Appeal to Lake visitors
6 November 2019
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Ngai Tuhoe iwi have a solution to help ensure illegal campsites and the effects these have on the shores of Lake Waikaremoana do not happen again.
The campsites were set up during Labour Weekend. Native bush was cut down, home-made showers and toilets were set up, “a beer bottle wall” was erected in a kiwi sanctuary and rubbish was left behind.
“Being ‘tangata whenua’ (people of the land) is accepting you have duties and responsibilities to the land,” says Tuhoe spokesman and Te Uru Taumatua chairman Tamati Kruger.
“So I would like to tell visitors to behave in a way that you are ‘tangata whenua’.”
Mr Kruger explained how the meaning of tangata whenua could help lake visitors treat the land with more respect and appreciation.
“Tangata whenua does not mean ‘I’m the first here’ or ‘I have more rights than you’, or ‘I’m the owner’.
“It’s not a term that just applies to Maori . . . tangata whenua literally means, ‘people or person of the land,’ it doesn’t exclude anyone.
“It means you see your connection with the land as something of value and you see that connection as something that gives you a sense of belonging and identity.”
In terms of educating campers and visitors to the lake, he said it was his and the people of Tuhoe’s responsibility to make sure standards and expectations were followed.
“We take responsibility for that in terms of Te Urewera and Waikaremoana.
“We accept we should be front-line in giving out useful information and making clear what the standards and expectations are, and presenting them in a way people see they are reasonable . . . not rules or new rules, but one’s instinct.
“It’s how I would behave if I were a manuhiri (visitor) in a friend’s home.
“Human beings have an instinct of what is good and bad behaviour, and we’re appealing to that.”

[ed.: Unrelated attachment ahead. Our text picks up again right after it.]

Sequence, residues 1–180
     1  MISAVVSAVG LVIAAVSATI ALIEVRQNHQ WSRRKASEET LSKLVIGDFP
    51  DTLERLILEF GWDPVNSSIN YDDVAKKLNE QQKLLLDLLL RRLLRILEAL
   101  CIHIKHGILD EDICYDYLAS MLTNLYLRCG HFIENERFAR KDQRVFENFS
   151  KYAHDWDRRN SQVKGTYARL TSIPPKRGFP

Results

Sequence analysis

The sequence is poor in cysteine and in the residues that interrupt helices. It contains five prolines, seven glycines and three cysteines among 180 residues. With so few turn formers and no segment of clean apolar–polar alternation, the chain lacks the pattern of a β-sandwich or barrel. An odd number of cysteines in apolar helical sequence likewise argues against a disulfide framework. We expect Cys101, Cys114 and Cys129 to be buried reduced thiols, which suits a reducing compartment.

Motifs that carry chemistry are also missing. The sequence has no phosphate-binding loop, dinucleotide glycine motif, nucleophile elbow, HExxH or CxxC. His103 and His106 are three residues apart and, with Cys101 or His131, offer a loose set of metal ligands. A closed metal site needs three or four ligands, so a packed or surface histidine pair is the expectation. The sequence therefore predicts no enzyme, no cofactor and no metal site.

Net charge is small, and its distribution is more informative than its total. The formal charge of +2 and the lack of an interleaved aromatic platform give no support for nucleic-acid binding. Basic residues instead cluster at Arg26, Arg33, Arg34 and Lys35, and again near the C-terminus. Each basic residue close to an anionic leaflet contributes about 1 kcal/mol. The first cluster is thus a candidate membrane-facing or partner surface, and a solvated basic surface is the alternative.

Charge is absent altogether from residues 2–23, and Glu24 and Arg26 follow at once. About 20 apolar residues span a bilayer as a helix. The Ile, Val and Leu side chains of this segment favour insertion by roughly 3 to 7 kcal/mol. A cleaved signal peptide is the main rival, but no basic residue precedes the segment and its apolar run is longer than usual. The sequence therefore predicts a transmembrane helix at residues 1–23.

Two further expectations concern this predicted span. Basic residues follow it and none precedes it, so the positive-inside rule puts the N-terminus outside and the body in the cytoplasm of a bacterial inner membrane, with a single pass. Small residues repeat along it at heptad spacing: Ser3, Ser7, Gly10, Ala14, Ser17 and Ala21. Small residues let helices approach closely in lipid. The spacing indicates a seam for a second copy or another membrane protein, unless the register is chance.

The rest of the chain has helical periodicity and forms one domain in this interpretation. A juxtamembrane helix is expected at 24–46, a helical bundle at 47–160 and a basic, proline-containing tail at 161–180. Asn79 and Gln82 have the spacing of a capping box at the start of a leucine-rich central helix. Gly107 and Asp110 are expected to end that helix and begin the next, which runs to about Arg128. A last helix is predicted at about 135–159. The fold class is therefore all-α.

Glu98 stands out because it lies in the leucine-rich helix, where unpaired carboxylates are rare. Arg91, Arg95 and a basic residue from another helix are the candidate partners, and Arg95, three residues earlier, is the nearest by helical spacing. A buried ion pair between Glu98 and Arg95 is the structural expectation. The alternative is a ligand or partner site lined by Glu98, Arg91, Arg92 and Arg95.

Mr Kruger said if people said Tuhoe was not doing enough or not giving out enough information, he would want to revisit their strategies and improve.
“I think we should all aspire to be tangata whenua . . . it unifies all of us, irrespective of your gender, religion and ethnicity.”
Asked about a “beer bottle wall” found within the pest control fence-line used to keep deer, possum, stoats and kiore out of a kiwi sanctuary, Mr Kruger explained how future repercussions of the campers’ actions could affect more than just the growth of the kiwi population.
“The ‘beer bottle wall’ was a monument of their disrespect for nature and that place.
“This could have the repercussion that could make people think Tuhoe is not qualified or committed to being tangata whenua.
“It would be a contradiction of everything we’re saying in te kawa o Te Urewera (customs of Te Urewera). It undermines reputation and mana, and says Waikaremoana is a place that you can come to and do whatever you like.”
Mr Kruger said there were 220 to 230 kiwi in the sanctuary.
“We will need to transfer the juvenile kiwi soon before it reaches the threshold (of 250).”
Tuhoe have not heard of any kiwi being injured as a result of Labour Weekend camping, however, if kiwi populations were harmed it could cause a domino effect when it came to the repopulation of other areas around the lake.
Rather than limiting public access, Mr Kruger said the iwi’s first instinct was to promote awareness and educate people to accept iwi standards and the shared responsibility for the land.
“We would like to give everybody a lot of chances to display that.”
He was encouraged by the around 25 people who rang the Te Urewera visitor helpline after reading about the Labour Weekend campsite and rubbish findings.
“They owned up to being a part of the bad behaviour and even said they’re going to change their ways and they would contact others they know have left rubbish, too.
“They expressed support for what Tuhoe is doing and this really encouraged us to keep our faith and showed us there’s a lot of well-meaning people who want to do well by Te Urewera.
“The stories they have read have affected them and they want to help.”